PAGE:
Companies in regulated markets, such as insurance and energy, are increasing litigating issues surrounding the “filed rate doctrine,” or in other words, whether they can be sued in a class action where the remedy sought necessarily challenges the rates that are required or approved by the relevant regulators. Pacific Gas & Electric is a great example of a well-reasoned dismissal where the court understood the real risks that regulated industries face from inconsistent and duplicate liability from both regulators and the courts.

A California appellate court in the First District recently upheld a trial court’s demurrer of a class action complaint filed by class representative Filomena Guerrero against the Pacific Gas & Electric Company (“PG&E”). The complaint alleged that PG&E deceptively represented to both California’s Public Utilities Commission (“PUC”) and the public regarding how much revenue it required to provide safe natural gas service. The complaint sought restitution and disgorgement of profits for PG&E’s alleged “wrongful diversion of more than $100 million in rates it collected over a thirteen year period that should have been expended on natural gas pipeline safety projects.” Guerrero v. Pac. Gas & Elec. Co., 2014 WL 5073493, at *1 (Cal. Ct. App. Oct. 10, 2014).

The Guerrero complaint arose in connection with a natural gas pipeline explosion that occurred on September 9, 2010, in San Bruno, California. The explosion resulted in several fatalities, numerous physical injuries, and substantial property damage. In the aftermath of the explosion, PUC began an investigation of PG&E’s safety programs, an investigation that included an audit of the money PUC had previously authorized for safety initiatives as compared to the money PG&E actually spent on such initiatives. At issue in PG&E’s demurrer was whether the PUC had sufficiently exercised jurisdiction over the subject matter of Guerrero’s complaint and, if so, whether the complaint would therefore interfere with PUC’s jurisdiction.

California’s Public Utilities Code, Section 1759, prohibits California courts from exercising jurisdiction to “review, reverse, correct, or annul any order or decision of the commission.” Cal. Pub. Util. Code § 1759(a). The code further prohibits direct challenges to any PUC decision or order except as specified in the Public Utilities Act. Nevertheless, trial courts are permitted to entertain claims for damages arising out of unlawful acts committed by a regulated utility. The key inquiry which will determine whether or not a court has jurisdiction revolves around whether the commission has the authority to adopt the relevant regulatory policy, whether the commission has exercised that authority, and whether court action would hinder or interfere with the commission’s exercise of regulatory authority.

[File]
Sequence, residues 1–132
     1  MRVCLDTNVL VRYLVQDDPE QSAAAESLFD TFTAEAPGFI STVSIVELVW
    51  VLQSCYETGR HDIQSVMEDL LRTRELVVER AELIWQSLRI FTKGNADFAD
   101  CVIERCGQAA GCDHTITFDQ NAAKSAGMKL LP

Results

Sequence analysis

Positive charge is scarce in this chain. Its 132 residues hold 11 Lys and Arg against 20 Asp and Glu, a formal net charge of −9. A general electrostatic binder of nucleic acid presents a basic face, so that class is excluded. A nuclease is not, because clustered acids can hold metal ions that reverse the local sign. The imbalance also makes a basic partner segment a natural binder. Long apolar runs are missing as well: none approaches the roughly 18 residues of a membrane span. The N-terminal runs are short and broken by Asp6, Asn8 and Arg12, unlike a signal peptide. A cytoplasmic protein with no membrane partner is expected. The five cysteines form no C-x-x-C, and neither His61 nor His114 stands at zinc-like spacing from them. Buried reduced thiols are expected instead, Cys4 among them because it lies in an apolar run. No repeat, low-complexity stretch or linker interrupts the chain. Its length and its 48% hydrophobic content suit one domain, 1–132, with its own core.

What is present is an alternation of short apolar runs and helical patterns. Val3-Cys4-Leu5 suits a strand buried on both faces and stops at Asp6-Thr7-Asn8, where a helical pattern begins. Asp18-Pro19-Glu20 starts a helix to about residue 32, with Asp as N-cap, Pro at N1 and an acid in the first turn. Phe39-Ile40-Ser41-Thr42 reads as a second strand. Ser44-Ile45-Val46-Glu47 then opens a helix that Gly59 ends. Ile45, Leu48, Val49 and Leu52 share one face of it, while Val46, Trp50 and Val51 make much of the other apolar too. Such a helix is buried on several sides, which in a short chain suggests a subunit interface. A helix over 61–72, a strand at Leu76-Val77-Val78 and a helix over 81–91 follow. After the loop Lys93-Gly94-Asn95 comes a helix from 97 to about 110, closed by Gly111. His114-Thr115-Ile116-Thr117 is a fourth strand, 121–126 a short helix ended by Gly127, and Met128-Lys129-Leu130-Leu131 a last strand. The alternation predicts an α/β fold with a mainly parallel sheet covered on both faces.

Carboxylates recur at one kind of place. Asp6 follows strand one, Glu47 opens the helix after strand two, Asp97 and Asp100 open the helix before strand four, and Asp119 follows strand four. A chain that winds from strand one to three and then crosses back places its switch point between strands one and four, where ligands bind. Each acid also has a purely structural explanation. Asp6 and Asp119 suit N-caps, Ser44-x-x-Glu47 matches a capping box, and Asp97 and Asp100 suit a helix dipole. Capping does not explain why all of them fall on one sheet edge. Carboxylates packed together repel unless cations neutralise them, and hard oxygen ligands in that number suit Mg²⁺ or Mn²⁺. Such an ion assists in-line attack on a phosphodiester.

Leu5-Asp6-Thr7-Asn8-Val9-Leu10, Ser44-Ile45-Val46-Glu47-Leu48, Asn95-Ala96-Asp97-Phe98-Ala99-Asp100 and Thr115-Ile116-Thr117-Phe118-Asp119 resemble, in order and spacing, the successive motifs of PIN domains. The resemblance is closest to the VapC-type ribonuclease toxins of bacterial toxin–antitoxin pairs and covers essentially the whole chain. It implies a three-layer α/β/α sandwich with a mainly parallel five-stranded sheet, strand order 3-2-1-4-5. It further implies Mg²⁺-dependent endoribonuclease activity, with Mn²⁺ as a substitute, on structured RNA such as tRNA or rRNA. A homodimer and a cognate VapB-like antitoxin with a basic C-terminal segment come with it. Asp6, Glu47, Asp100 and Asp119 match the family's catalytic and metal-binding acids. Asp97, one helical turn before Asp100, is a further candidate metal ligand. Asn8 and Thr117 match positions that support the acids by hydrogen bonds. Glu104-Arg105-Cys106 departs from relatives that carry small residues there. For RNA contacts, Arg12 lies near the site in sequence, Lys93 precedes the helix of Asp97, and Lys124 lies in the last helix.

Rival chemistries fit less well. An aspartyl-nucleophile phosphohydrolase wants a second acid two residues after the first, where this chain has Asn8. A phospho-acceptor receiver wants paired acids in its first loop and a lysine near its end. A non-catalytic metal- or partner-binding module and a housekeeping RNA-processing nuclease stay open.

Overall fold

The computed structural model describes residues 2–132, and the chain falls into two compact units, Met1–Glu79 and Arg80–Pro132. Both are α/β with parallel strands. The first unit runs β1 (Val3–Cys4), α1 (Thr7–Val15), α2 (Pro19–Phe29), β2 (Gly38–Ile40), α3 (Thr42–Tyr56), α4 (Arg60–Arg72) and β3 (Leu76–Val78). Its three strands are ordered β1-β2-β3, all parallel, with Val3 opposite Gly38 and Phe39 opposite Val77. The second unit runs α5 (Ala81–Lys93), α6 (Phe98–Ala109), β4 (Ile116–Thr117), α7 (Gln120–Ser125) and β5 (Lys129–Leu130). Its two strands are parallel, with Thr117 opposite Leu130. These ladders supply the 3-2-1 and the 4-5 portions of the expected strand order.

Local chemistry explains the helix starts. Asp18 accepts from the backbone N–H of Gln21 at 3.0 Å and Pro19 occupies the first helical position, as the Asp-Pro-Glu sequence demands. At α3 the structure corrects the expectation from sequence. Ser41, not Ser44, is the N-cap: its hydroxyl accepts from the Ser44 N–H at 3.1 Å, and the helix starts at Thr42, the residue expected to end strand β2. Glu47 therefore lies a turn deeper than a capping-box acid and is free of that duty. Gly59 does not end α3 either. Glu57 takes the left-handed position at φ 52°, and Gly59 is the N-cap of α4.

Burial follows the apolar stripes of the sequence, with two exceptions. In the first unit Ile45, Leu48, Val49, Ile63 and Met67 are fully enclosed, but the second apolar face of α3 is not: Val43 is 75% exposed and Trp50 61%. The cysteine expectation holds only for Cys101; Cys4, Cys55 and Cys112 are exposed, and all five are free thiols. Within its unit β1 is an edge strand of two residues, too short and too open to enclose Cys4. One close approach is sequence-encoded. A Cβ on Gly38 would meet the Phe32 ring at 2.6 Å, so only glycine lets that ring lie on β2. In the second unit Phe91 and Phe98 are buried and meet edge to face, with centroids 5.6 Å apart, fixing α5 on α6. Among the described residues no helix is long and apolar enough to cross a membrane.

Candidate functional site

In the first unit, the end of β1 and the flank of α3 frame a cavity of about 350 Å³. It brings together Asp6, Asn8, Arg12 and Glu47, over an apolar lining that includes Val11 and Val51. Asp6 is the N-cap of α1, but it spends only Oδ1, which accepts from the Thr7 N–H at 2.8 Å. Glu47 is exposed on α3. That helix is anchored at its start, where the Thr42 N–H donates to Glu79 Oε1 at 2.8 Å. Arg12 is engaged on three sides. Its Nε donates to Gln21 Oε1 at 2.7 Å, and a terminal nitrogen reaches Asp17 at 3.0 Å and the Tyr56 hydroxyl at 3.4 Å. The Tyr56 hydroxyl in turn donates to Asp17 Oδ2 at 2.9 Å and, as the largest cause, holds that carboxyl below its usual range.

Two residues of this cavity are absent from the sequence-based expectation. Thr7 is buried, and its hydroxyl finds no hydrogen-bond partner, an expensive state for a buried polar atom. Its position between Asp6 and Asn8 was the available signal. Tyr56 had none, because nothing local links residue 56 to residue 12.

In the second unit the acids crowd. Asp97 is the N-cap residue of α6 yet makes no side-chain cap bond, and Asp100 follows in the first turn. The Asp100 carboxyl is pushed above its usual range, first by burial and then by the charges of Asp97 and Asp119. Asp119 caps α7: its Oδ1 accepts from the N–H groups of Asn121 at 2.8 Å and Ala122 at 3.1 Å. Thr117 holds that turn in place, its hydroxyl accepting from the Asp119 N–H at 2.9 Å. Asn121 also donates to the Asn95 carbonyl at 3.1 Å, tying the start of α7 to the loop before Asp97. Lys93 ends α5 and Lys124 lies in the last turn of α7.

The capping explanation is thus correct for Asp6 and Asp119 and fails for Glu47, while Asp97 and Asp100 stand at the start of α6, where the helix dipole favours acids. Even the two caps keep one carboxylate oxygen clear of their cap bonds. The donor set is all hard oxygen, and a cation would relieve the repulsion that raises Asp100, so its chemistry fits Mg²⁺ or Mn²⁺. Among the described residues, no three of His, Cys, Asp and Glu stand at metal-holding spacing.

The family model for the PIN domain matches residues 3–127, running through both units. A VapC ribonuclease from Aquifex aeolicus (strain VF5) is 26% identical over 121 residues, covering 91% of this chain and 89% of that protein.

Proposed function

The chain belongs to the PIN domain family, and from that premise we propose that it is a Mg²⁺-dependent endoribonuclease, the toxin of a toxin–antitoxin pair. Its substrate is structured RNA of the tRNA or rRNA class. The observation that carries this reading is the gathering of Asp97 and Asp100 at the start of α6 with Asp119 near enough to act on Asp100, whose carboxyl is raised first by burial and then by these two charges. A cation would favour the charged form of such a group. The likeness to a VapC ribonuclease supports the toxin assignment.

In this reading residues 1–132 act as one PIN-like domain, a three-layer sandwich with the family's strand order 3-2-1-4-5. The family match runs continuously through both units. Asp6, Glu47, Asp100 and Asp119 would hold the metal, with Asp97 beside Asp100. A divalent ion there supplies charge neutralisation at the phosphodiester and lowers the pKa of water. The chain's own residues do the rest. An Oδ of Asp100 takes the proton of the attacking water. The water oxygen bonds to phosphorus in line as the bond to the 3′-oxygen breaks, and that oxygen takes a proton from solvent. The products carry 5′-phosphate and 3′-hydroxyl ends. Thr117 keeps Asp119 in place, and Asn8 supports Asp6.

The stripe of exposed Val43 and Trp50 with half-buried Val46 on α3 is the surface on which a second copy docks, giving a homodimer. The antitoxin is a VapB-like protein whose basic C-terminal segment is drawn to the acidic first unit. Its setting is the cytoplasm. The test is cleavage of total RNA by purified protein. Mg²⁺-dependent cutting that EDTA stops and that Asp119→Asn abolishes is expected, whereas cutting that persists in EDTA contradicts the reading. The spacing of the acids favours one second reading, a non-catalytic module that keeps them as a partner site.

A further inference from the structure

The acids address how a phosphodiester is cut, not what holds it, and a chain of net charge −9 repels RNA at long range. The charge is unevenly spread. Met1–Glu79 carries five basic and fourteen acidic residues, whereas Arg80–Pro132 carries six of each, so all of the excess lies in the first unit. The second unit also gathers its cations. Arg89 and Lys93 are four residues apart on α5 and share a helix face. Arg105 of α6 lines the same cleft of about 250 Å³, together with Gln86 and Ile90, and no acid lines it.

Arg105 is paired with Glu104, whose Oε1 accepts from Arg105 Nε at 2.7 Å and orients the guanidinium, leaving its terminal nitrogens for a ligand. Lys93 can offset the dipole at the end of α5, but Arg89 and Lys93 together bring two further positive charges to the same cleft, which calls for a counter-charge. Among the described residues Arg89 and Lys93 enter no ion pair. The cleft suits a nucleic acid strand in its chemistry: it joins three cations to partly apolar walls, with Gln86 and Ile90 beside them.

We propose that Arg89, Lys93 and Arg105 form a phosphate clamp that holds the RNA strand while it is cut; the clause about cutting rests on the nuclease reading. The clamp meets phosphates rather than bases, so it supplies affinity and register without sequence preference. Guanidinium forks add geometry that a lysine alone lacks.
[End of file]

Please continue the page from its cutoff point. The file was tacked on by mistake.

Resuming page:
The appellate court found that each of these factors favored upholding the trial court’s demurrer. Since there was no dispute that PUC had regulatory authority to set PG&E’s rates, the court’s discussion focused on whether PUC exercised its regulatory authority, and whether Guerrero’s complaint impermissibly interfered with PUC’s exercise of its regulatory authority. Regarding the first question, the court concluded that PUC, consistent with one of its central functions, had determined that the safety charges demanded by PG&E were just and reasonable. Furthermore, in the aftermath of the San Bruno explosion, PUC conducted (and continues to conduct) multiple investigatory proceedings to evaluate, among other things, PG&E’s safety related activities and its financial expenditures regarding such activities.

Regarding the second question, the appellate court found that the “impact of the expenses to be incurred by PG&E for gas transmission improvements as a result of the San Bruno explosion, and the relationship those expenses may bear to past natural gas rates and PG&E’s past practices, remain a focus of the ongoing administrative proceedings initiated by the PUC in the explosion’s aftermath.” Guerrero, 2014 WL 5073493, at *6. Though the plaintiffs attempted to argue that the regulatory scope of PUC’s review was narrowly focused on future safety rules, the court agreed with PG&E’s argument that, in fact, the past rates that were charged and approved comprised a critical component of PUC’s inquiry. As a necessary result, any judgment issued by the trial court in Guerrero would interfere both with PUC’s prior approval of PG&E’s filed rate, as well as with PUC’s ongoing determination regarding the expenses to be incurred by PG&E as a result of the San Bruno explosion (including but not limited to the relationship between such expenses and PG&E’s past rates). In short, PUC had been and continued to be actively engaged in reviewing and approving PG&E’s rates, and therefore the appellate court concluded that any judicial decision regarding the propriety of such rates would interfere with PUC’s regulatory function.